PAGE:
When Ram Truck announced that they were working on a “sporty” new 1500 4WD, it prompted a tornado of speculation and debate. The most commonly heard comment, at least from the standpoint of this journalist’s ears, was that Ram had its sights set on the Ford Raptor. Though I didn’t have any doubt that the brand could go head-to-head with the Raptor if they wanted to, I’ve always thought of Ram trucks as heavy-duty, haul-or-tow-anything, run-forever work trucks. What I expected was a platform rooted in solid Ram DNA, but with more pizzazz and backcountry savvy. Last week I traveled to Flagstaff, Arizona, where I got to spend a couple of days in the Rebel. I was not disappointed.
Prior to climbing in the Radar Red Rebel (there are a number of color options), its proud heritage was immediately noticeable. Rather than presenting the traditional crosshair-style grill, the letters R-A-M are emblazoned across a blackout honeycomb lattice. More subtle changes are black-bezel, bifunctional projection headlamps and LED marker lights, which are complemented by Ram’s new LED fog lamps. This Rebel red/blackout theme carries around to the side, through the interior (check out the Toyo tire tread pattern and stitching on the seats), and back to the rear bumper. With backcountry travel in mind, Ram fitted the front with a proper skid plate and legitimate recovery points. Out back, bedrail Ram Boxes utilize normally lost space and provide plenty of room for recovery gear, a Hi-Lift jack, and tools.
Though the base motor will be Chrysler’s 3.6-liter Pentastar aluminum-block V6, under the aluminum hood of my Rebel was the optional 5.7-liter HEMI V8. I’m quite familiar with the HEMI and the advantages of its 395 horsepower and 410 lb-ft torque. Though you lose a bit of fuel economy (17/25 mpg vs. 15/22 mpg), the benefits when towing a trailer, merging onto the highway, or powering up a long, loose lava field will plaster a wide grin across your face. The ZF Torqueflite 8HP70 8-speed automatic transmission shifts through the gears like a hot knife through butter—seemingly transparent from the driver’s seat. The exhaust system lets you know it is a HEMI when you get a happy right foot, but doesn’t prompt you to reach for earplugs during normal driving. Another option to note is the availability of 3.92:1 ring and pinion gears (standard is 3.21:1), which adds additional low-end grunt and puts the HEMI in appropriate rpm range in most situations (the 8HP70 features a 4.71:1 first gear and .67:1 overdrive).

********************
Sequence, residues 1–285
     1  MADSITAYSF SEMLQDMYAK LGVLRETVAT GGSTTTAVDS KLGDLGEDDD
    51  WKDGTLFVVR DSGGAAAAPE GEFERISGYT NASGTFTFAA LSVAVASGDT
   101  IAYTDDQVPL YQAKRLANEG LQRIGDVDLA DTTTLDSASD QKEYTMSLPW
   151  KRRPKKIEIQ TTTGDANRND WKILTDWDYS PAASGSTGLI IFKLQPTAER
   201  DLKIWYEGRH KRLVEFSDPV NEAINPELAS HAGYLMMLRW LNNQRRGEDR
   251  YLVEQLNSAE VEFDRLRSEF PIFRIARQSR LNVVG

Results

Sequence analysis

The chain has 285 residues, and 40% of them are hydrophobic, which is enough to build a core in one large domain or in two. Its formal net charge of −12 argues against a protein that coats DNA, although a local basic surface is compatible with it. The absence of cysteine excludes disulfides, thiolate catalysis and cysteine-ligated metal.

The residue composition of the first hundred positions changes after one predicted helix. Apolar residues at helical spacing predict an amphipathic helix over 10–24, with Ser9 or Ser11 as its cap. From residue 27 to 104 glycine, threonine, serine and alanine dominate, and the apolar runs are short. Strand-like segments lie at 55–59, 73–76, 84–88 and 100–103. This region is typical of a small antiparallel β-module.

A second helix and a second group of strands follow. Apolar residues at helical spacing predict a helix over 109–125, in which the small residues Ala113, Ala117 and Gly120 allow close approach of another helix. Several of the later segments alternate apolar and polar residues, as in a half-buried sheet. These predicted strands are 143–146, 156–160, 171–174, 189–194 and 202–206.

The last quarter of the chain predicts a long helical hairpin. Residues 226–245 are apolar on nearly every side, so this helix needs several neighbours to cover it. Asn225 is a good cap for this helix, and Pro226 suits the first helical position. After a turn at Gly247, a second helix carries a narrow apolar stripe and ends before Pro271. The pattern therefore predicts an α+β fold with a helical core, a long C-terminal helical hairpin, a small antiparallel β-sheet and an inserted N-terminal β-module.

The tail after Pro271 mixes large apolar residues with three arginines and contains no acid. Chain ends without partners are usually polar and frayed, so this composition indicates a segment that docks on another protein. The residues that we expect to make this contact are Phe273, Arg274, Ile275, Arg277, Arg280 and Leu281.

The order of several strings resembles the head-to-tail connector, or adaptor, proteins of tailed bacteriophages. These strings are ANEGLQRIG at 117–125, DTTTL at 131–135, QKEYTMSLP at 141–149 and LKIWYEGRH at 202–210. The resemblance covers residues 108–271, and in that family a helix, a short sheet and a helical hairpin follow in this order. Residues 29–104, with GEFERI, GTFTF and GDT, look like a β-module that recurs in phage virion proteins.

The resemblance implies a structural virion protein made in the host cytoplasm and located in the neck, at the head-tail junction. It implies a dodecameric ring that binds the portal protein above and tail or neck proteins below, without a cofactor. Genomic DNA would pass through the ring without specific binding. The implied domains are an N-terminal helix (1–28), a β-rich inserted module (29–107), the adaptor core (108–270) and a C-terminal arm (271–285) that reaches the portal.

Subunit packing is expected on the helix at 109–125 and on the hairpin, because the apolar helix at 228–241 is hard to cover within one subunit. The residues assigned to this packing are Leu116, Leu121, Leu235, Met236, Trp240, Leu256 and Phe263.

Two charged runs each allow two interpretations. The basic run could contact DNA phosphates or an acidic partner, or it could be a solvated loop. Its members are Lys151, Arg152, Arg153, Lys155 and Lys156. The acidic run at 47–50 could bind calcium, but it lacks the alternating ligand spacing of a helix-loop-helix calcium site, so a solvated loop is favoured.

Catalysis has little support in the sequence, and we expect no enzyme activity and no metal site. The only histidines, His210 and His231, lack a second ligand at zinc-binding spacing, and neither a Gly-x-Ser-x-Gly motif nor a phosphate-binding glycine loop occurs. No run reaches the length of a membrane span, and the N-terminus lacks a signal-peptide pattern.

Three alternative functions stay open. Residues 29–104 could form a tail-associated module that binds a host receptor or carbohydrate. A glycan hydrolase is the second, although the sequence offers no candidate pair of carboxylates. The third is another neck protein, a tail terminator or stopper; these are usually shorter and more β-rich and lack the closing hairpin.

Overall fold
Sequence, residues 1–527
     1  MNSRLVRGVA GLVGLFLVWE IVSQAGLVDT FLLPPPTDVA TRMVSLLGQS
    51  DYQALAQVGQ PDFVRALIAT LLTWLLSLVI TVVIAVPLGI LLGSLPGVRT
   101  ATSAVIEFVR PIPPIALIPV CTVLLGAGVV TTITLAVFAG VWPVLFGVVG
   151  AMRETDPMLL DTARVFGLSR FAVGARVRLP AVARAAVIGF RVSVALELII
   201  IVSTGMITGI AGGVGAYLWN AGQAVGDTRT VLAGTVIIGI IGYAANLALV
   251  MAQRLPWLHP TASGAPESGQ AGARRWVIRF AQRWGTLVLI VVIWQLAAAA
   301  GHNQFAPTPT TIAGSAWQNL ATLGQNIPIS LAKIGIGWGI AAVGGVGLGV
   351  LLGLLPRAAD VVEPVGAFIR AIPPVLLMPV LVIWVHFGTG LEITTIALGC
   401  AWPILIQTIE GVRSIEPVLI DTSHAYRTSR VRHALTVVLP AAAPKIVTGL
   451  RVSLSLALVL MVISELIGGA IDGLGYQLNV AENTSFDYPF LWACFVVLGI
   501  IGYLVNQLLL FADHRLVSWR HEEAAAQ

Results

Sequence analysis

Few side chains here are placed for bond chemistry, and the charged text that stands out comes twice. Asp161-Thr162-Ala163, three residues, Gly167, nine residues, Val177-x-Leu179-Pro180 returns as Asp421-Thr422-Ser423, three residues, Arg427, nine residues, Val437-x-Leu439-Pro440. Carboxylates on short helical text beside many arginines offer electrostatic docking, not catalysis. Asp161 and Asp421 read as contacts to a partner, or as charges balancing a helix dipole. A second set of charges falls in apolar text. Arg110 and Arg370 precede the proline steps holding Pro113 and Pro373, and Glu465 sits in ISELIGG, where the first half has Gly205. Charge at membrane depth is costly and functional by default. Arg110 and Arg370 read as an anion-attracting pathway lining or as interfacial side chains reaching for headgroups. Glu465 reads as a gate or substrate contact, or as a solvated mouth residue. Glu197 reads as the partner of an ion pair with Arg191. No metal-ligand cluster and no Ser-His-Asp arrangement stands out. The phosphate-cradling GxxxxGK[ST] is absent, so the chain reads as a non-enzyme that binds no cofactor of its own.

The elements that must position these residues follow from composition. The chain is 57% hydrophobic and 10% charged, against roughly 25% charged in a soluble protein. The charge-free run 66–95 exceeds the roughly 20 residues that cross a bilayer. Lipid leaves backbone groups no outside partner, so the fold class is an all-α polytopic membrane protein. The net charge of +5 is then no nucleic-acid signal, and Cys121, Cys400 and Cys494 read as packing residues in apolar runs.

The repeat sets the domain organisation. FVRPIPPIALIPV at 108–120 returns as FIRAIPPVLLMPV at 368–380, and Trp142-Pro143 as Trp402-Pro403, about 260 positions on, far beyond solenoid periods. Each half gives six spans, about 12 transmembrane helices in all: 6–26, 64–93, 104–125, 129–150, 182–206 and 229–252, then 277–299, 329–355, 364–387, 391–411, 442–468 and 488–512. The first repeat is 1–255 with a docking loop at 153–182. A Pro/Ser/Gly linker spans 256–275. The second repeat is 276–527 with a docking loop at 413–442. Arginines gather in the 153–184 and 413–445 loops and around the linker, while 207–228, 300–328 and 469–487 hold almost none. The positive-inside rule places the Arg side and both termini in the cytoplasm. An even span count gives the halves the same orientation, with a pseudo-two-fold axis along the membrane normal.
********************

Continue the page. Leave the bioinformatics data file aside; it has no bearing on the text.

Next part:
As with many new vehicles these days, the transfer case selector is a dial on the dash. While I’ve griped about dials and buttons robbing me of the tactile joys of slipping a lever into the 4H or 4L position, after spending three days in the Rebel, it became quite natural to reach down and just push “the button.” I’ve got to roll with the ages I suppose. The transfer case is an on-demand BW 44-44 with a 2.64:1 low range, which provides a respectable final drive low-range ratio of 48.74:1.
On the Trail
Our test area was the Cinder Hills OHV area near Flagstaff, Arizona, a 13,000-acre playground of cinder cones, lava flows, and seemingly endless fields of pumice gravel. The region was in the midst of a one-off spring storm, and by the afternoon we were trekking through several inches of freshly fallen snow. While the Rebel is not a Baja racer, able to absorb 3-foot rollers with ease (trust me, the Raptor can’t do this either), the vehicle’s air suspension (which adds an additional inch of ground clearance), five-link rear axle configuration, and custom tuned Bilstein shocks did an impressive job skipping through the 6- to 8-inch whoops at speed. The rear stabilizer bar is slightly less aggressive, and when combined with the Rebel’s aluminum front A-arms, allows for respectable articulation in technical terrain.
Rather than fitting the vehicle with slicks to appease the EPA and urban mall cruisers, Ram wrapped the Rebel’s sporty new 17-inch aluminum wheels with 33-inch Toyo Open Country all-terrain tires (285/75/R17E). Knowing we were heading for long climbs up lava scree, Ram actually allowed us to air down the tires. It is quite uncommon for an OE to deviate from the maximum recommended tire pressure (I’ve actually never experienced this), and it is nice to know that Ram actually “gets it” with regard to airing down when you head off the pavement. The pressure change wasn’t significant, but allowed the Rebel to walk right up extended steep climbs through loose pumice.
The afternoon found us sloshing through mud, snow, and sleet while en route to the lava tubes below San Francisco Peak, an extinct volcano that rises to a 12,633 elevation. The Rebel took no issue with the weather, and the combination of powertrain, tires, and suspension allowed for an exciting afternoon of snow/mud play.
Ram’s president and CEO Bob Hegbloom said, “Offering an off-road-style package on the Ram 1500 has been on our to-do list for some time.” The Rebel fits a niche that enthusiasts were waiting to have filled, and Ram did a great job on this one. If a Rebel landed in my driveway next week I’d add a rear ARB locker, Four Wheel Camper, and some recovery gear, and be ready for an extended trip south of the border to Baja.
Specifications (click to enlarge)